Hopes and expectations from a new UN Secretary General (Comment: Special to IANS)
In the end, it was a unanimous election by acclamation of the new United Nations Secretary General (UNSG), Antonio Guterres. The winds of a new Cold War in the corridors of the UN did not deter the Americans and the Russians from agreeing to elect a politician, diplomat and administrator of proven competence.
Guterres has a formidable reputation of clean governance and strict administration, having cleaned up the United Nations High Commissioner for Refugees (UNHCR) as its head and having effectively led it during the greatest migration crisis facing Europe after World War II.
Earlier, as President of Portugal and as President of the European Council, he played an important role in finalising the Lisbon Treaty which ushered in a new and stronger European Union. His strong socialist credentials helped in swinging a positive vote from Vladimir Putin, during Russian presidency of the UN Security Council under Ambassador Vitaly Churkin.
How did it happen? There are few processes which are more opaque than the selection of the UNSG. The only guiding language is Article 97 of its Charter which states: “The Secretary General shall be appointed by the General Assembly upon the recommendation of the Security Council.”
As a result, the selection is subject to the veto of any of the five permanent members of the Security Council. Given the worsening relations between the Russians and Americans, there had been talk of the use of a Russian veto in case a European candidate would emerge in the lead. There had been speculation early in the campaign for the need to elect a female Secretary General. Because of the informal regional rotation scheme, many commentators had speculated that the next UNSG should be from the Eastern European Group, as that region has never produced a Secretary General.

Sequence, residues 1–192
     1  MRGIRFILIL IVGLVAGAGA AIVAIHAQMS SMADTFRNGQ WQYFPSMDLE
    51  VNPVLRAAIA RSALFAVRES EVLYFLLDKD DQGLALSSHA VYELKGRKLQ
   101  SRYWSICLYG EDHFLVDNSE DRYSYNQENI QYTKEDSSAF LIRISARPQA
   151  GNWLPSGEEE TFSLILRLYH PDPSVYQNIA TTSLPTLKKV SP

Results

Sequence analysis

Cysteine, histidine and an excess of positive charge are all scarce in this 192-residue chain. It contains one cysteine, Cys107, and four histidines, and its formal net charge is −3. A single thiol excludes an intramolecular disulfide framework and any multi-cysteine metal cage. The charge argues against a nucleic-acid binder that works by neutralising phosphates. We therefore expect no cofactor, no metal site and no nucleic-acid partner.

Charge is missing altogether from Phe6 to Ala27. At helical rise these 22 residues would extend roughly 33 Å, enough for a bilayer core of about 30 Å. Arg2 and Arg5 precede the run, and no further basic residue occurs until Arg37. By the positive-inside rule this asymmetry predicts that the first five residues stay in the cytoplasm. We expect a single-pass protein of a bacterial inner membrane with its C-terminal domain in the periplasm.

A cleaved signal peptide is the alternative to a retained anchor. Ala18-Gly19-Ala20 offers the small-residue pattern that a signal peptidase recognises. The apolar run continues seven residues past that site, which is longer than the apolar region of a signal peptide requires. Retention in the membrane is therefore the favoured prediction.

There were several factors that worked in favour of Guterres. The initiative by the earlier President of the UN General Assembly (UNGA), Mogens Lykketoft, to usher in a more inclusive and democratic selection process through the holding of a series of informal dialogues and meetings with all potential candidates from April 12 to 14, 2016 worked dramatically in favour of Guterres.
In contrast, the leading woman candidates and notably Director General, UNESCO, Irina Bokova of Bulgaria, did not fare well in the two-hour meeting slot to present her candidature. Nor was she favoured by her own government, which put up another woman candidate against her, or by the EU whose two Permanent Members, UK and France, reportedly repeatedly used the “discourage” votes in the straw polls.
Guterres’ strong performance answering questions before the General Assembly had already helped to propel him to first place among the 13 candidates vying for the job in the informal straw polls in the Security Council.
As a result, when the last Security Council straw poll was held on October 5, 67-year-old Guterres emerged as the presumptive nominee, with 13 ‘encourage’ votes, 2 abstentions and no ‘discourage’ vote in this sixth round. The Russians had blinked!